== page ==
Sen. Jay Wasson’s Legislative Column for the Week of April 3, 2017

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Senate Considers Measure to Expand Degree Offerings at Missouri’s Higher Education Institutions

The Missouri Senate spent part of this week considering legislation that will create more pathways to expanded degree offerings at our public higher education institutions in order to meet workforce needs in every corner of the state.

Senate Bill 328 will allow Missouri’s public community colleges to offer four-year degree programs if authorized by the Coordinating Board for Higher Education. It will also allow public universities not under the University of Missouri System umbrella to collaborate with the University of Missouri to offer nonresearch doctoral degrees in allied health professions and other fields; if collaboration isn’t feasible, the university may apply to the Coordinating Board to offer the program independently.

We are fortunate here in the 20th District to be close to Missouri State University, which is particularly known for its College of Business. If SB 328 is signed into law, instead of only being able to offer undergraduate and graduate business degrees, Missouri State would, for example, be able to collaborate with the University of Missouri to offer students a doctorate in business administration. Again, if collaboration proved unviable, Missouri State could apply to offer the program independently.

Under SB 328, the University of Missouri remains the only state college or university authorized to offer doctor of philosophy degrees or first-professional degrees, such as optometry, law, veterinary medicine, etc. In addition, the West Plains Campus of Missouri State University and the State Technical College of Missouri may offer bachelor’s degrees if authorized.

Senate Bill 328 was specifically designed to first encourage collaboration between the University of Missouri and our other public universities. In order for a community college or university to offer a higher degree program outside of its approved mission, certain conditions must be met. Institutions must successfully show the Coordinating Board that they’ve made a good-faith effort to collaborate with the University of Missouri, possess the capacity to deliver a high-quality program, have demonstrated a need and have a clear plan to meet workforce demands.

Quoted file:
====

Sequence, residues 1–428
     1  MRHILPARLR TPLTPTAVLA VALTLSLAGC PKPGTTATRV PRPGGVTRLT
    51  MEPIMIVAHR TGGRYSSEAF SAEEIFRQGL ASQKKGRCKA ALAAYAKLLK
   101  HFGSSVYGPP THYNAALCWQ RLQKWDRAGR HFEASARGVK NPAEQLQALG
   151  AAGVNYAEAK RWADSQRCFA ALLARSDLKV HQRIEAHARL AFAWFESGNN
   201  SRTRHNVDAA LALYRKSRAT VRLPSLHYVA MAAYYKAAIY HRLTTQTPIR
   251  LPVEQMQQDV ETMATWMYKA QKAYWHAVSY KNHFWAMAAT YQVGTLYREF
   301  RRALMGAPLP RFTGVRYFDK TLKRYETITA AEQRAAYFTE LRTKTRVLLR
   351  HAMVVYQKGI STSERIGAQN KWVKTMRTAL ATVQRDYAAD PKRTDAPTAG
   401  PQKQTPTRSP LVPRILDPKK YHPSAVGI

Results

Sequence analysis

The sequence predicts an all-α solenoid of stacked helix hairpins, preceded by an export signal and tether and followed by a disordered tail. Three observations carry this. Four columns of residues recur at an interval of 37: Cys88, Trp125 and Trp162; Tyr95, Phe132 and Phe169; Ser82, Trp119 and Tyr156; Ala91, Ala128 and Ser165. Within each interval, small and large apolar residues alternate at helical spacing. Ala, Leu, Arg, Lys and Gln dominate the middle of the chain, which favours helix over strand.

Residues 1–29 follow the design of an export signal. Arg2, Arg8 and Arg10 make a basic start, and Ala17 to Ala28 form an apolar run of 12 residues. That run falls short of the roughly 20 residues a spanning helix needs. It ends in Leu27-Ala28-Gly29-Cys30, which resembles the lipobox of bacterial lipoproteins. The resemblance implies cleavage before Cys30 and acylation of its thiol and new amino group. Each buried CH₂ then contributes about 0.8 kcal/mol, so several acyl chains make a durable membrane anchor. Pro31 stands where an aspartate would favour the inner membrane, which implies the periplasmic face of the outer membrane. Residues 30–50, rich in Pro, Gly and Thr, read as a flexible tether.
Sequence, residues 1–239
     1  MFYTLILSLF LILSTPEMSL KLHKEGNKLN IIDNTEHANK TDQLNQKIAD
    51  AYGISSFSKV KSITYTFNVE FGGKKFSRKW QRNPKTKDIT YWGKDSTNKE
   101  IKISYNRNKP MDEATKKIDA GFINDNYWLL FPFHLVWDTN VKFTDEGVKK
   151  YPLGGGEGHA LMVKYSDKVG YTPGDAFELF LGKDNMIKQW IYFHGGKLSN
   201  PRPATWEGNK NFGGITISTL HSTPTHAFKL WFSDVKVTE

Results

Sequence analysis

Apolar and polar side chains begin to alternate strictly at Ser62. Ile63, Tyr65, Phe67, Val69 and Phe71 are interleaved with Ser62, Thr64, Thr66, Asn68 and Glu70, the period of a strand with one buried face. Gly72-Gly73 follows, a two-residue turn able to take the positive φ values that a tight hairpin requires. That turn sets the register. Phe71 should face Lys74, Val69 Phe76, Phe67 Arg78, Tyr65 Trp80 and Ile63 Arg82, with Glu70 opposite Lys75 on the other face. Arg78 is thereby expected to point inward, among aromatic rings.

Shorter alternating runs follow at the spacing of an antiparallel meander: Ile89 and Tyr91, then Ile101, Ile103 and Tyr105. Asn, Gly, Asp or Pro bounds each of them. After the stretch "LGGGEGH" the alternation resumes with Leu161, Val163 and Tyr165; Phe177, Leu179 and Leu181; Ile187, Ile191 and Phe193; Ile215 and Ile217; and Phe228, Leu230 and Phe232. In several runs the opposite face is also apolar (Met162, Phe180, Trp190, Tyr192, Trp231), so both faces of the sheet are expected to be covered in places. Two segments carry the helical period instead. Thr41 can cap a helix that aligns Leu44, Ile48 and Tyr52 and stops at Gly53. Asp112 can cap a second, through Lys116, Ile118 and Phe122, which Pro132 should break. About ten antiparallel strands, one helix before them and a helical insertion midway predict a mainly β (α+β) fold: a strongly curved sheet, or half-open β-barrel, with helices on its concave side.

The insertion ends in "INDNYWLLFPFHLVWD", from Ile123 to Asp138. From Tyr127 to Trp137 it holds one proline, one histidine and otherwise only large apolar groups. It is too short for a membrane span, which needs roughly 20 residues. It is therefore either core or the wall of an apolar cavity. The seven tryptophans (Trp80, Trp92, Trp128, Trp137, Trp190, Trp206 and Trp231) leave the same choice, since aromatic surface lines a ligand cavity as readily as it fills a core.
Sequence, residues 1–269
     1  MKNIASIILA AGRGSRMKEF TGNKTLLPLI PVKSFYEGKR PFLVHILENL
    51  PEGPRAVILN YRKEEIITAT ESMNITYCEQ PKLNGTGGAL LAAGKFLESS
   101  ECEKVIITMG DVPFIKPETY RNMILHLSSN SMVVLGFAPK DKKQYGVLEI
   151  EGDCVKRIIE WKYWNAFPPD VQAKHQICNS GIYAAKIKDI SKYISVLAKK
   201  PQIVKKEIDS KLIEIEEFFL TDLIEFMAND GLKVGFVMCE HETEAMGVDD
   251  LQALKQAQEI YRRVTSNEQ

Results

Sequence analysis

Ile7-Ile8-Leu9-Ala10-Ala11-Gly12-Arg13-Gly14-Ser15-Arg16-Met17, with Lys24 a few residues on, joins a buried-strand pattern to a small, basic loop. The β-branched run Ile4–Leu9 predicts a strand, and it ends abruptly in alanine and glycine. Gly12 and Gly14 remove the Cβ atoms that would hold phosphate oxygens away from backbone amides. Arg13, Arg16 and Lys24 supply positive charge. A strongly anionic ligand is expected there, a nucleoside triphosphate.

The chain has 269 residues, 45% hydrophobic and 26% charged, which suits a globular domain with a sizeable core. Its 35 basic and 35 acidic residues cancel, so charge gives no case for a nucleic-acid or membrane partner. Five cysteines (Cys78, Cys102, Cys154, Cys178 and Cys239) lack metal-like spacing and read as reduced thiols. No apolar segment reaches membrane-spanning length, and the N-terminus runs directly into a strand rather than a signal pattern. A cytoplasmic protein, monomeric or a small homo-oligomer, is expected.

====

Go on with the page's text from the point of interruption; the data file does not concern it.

Senate Bill 328 really goes hand in hand with several of my efforts this session to improve Missouri’s job training and workforce development capabilities — measures like Senate Bill 10, my job training bill, which will make it easier for businesses to work with our network of community colleges to get their employees trained or retrained in whatever capacity they need to continue operating successfully. It also complements Senate Bill 406, which would create four adult high schools, finally giving adults who never graduated a viable path to receive a true diploma. Senate Bill 406 also addresses Missouri’s shortage of skilled, trained workers by requiring each adult high school to offer an industry certification program in collaboration with public higher education institutions, based on regional workforce needs.

And of course, in March we saw Missouri’s 12 community colleges come together at the Capitol to officially establish the Missouri Community College Workforce Development Network in order to address the No. 1 challenge Missouri businesses face: the availability of a skilled workforce.

The 2017 session has really been about making the Show-Me State a place where businesses and job creators want to be. That being said, we will never reach our full potential — regardless of whatever other reform or economic development legislation we pass — if we cannot provide a well-trained workforce. Just like my adult high school and job training bills, SB 328 is at its core about transforming Missouri into a state where job creators know they can find the best, brightest and most highly skilled workers.

If you have any questions or comments regarding your state government, please feel free to contact me at (573) 751-1503. You are also welcome to e-mail me at